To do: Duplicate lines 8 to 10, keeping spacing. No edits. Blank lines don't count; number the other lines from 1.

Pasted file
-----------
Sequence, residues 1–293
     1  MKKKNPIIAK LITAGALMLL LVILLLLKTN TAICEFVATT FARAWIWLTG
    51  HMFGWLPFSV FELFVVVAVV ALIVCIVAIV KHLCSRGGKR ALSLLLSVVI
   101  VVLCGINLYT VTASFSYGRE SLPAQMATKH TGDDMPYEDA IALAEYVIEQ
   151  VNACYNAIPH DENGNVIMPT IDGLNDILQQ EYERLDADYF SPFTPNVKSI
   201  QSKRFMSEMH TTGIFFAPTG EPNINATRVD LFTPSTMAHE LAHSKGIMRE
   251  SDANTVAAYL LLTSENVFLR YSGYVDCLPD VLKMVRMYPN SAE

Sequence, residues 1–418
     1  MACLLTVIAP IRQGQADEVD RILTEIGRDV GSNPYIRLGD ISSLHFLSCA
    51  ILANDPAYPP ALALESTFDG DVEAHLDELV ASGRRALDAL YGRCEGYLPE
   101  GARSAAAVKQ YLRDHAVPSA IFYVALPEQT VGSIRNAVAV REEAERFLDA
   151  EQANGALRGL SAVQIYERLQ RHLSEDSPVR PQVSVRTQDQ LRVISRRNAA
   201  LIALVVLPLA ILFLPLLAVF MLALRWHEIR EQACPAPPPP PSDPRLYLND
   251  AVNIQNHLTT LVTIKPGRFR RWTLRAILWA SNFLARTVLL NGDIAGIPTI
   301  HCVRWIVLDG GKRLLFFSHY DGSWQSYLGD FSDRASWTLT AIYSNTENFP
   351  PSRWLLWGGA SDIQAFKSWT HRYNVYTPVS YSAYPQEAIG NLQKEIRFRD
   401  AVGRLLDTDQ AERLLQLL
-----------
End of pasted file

Sequence, residues 1–418
     1  MACLLTVIAP IRQGQADEVD RILTEIGRDV GSNPYIRLGD ISSLHFLSCA
    51  ILANDPAYPP ALALESTFDG DVEAHLDELV ASGRRALDAL YGRCEGYLPE